Moments of Melbourne, Part 3 - Saturday, November 24th, 1956

The story of a hammer thrower winning Olympic gold with a crippled arm would have been enough to make tabloid headlines. But there was even more to the triumph of Harold Connolly at Melbourne. Love was in the air - a love that was stronger than Cold War borders.

When Harold Connolly won the gold on the afternoon of Saturday, November 24th, 1956, he did so against all odds. Following several childhood injuries, his right arm was nine centimeters shorter than his left, preventing Connolly from becoming a professional boxer as he had hoped for. But the handicap raised his fighting spirit: "I was a handicapped person who knows the agony of all-out trying and not accomplishing. They didn’t treat the disabled with dignity then. I couldn’t stand to be treated differently."

Instead, the man from Massachussets turned to hammer throwing. In his career, he broke the world record six times and in 1960 became the first man to throw the hammer over the 70 meters line. In Melbourne, he defeated the Soviet favourites Mikhail Krivonossov and Anatoli Samozvetov with a throw of 63.19 meters (picture: hmmrmedia).

But Connolly had more than gold on his mind.

In the week before the Games, he had met Czech discus thrower Olga Fikotová in the Olympic village. Fikotová won the gold 24 hours before Connolly's triumph. They fell in love immediately, accompanied by a lot of fanfare in the western media. The fact that the couple-to-be lived on different sides of the Iron Curtain added to the drama. Three months after the Olympics, Connolly proposed to Fikotová in Prague. After the Czech president had given his permission, they married in October 1957 with 30,000 well-whishers looking on (pictures: UCI/Getty).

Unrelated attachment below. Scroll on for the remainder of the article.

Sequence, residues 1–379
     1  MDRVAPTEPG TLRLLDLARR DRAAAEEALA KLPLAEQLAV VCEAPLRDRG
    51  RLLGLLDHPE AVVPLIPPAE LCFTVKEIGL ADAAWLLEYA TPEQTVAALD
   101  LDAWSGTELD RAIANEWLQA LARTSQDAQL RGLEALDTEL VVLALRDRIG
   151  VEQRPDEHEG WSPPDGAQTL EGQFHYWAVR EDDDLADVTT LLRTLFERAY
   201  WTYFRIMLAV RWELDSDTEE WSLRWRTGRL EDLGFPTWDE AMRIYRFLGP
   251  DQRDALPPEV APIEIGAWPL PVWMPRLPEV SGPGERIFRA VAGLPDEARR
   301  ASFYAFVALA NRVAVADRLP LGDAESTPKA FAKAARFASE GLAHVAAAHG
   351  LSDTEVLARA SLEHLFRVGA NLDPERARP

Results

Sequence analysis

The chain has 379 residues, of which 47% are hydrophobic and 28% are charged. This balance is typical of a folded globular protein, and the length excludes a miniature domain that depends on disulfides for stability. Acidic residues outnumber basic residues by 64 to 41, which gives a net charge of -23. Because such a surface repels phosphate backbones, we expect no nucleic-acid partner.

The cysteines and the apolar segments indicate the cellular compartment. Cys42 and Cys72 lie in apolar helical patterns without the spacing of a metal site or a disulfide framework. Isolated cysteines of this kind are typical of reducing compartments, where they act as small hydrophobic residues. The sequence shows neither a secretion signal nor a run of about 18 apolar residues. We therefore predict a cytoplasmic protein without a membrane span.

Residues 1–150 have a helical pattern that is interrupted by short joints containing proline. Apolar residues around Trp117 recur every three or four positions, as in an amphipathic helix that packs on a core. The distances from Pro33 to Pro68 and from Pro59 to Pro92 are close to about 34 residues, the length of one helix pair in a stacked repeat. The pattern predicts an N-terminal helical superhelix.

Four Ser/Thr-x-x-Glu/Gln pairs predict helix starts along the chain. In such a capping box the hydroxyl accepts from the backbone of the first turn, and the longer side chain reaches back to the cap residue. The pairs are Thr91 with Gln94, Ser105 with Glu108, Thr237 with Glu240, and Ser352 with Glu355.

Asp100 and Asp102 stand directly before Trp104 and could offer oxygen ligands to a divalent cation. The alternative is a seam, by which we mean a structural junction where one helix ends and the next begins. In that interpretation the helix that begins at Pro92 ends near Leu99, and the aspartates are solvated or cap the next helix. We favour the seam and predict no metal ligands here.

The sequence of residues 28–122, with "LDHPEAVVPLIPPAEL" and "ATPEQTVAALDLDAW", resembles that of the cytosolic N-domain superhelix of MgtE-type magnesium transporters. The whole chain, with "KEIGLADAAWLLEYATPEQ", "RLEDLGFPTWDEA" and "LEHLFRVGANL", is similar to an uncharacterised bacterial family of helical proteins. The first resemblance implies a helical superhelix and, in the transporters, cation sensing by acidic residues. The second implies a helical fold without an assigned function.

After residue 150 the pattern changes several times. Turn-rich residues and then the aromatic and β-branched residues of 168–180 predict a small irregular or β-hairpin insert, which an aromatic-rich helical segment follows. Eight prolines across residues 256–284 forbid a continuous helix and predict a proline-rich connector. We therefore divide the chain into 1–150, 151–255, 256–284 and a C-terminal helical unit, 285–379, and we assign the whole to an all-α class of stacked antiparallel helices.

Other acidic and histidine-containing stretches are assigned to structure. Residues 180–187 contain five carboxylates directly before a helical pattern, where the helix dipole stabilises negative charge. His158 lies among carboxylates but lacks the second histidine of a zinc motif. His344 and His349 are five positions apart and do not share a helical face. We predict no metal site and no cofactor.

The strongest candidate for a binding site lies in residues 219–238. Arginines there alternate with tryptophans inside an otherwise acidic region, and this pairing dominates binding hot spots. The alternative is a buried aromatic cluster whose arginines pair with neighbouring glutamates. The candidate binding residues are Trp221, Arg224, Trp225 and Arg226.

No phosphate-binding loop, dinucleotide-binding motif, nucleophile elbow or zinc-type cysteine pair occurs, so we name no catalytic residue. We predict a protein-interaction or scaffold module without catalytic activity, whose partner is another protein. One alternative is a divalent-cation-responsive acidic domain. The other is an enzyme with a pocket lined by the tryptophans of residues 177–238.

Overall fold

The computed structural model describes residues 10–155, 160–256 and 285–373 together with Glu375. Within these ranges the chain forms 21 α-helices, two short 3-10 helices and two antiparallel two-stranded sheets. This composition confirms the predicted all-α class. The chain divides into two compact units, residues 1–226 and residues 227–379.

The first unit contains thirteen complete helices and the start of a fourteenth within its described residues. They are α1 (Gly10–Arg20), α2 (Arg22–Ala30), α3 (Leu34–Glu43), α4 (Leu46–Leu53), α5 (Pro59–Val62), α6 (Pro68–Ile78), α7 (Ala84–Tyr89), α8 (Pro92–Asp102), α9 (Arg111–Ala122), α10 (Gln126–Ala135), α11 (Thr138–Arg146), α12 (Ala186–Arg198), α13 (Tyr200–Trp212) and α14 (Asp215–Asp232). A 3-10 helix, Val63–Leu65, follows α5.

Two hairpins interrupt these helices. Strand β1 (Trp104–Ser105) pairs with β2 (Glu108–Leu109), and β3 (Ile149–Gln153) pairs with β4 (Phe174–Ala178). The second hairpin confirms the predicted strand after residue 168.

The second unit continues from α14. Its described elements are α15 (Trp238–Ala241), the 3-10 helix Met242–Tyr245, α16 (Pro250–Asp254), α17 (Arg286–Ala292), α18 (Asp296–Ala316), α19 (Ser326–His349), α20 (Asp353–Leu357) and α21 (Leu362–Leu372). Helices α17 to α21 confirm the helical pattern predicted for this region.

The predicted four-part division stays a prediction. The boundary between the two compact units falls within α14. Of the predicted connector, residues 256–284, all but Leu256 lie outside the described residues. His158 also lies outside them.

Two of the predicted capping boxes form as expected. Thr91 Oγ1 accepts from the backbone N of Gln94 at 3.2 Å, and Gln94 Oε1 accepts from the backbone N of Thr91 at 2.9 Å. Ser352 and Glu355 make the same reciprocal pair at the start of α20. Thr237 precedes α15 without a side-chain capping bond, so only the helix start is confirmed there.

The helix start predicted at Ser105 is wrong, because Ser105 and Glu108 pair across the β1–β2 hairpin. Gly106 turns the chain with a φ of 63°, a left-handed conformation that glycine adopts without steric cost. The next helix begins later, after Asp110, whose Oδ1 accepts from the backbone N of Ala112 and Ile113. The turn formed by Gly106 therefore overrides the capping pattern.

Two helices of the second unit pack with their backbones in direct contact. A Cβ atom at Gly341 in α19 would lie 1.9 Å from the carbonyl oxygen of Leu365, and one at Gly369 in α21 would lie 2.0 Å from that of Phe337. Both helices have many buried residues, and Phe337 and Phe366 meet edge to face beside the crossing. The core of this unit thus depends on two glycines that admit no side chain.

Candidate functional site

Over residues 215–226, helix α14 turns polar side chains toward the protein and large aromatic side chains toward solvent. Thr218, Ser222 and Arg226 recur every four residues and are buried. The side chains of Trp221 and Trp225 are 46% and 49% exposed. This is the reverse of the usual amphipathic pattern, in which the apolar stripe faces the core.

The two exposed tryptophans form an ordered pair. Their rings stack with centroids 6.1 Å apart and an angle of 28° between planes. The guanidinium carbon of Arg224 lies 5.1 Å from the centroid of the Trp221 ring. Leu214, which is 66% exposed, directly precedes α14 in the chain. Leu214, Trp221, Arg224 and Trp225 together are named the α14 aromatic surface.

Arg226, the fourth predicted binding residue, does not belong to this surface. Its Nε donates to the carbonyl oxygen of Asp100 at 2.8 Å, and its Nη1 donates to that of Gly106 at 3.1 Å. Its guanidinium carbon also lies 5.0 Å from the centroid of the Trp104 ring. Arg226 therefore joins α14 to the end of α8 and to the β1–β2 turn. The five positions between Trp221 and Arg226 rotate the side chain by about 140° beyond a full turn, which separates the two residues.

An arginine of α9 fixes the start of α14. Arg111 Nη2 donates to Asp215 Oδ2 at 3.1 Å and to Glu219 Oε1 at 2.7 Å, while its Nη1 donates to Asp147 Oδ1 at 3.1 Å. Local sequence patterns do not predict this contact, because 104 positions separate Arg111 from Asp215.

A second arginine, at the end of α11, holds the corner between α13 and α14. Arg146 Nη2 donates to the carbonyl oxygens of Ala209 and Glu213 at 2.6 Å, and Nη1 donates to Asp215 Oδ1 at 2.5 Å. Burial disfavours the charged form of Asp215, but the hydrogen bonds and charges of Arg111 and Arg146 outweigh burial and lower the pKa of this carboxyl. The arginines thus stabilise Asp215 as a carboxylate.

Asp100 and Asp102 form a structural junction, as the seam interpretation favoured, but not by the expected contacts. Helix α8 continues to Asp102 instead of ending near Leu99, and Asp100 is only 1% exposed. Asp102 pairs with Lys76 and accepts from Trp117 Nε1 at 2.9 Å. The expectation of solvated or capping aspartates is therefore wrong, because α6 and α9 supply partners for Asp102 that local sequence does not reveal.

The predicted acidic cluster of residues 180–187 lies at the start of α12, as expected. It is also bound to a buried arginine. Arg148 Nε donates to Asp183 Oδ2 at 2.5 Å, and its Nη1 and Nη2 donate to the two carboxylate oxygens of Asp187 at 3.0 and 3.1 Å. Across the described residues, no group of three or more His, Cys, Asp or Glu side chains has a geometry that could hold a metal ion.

"The H-bomb overhangs us like a cloud of doom. The subway during rush hours is almost impossible to endure," The New York Times wrote on the day after their marriage. "But Olga and Harold are in love, and the world does not say no to them." From then on, the Connollys were regular guests in American TV and papers and had a son. But the honeymoon did not last forever. The marriage was divorced in 1974. What remained were two Olympic gold medals and the feel-good story of Melbourne. Connolly, who in 1983 had admitted the use of anabolic steroid during his athletic career, died in August 2010, aged 79.

News of the day: Bobby Morrow (USA) becomes the fastest man on earth, winning the 100 meters dash ahead of fellow American Thane Baker and Australia's Hector Hogan +++ Further athletics gold go to Glenn Davis (USA) in the 400 meters hurdles, Norman Read (New Zealand) in the 50 km race walk, and Greg Bell (USA) in the long jump. +++ The first two golds for the USSR are won by weightlifters Igor Rybak (Light weight) and Fiodor Bogdanovski (Middle weight).

Notice: On November 25th, 1956, no competitions were held due to Sunday sports restrictions. Our next post comes to you on November 26th.

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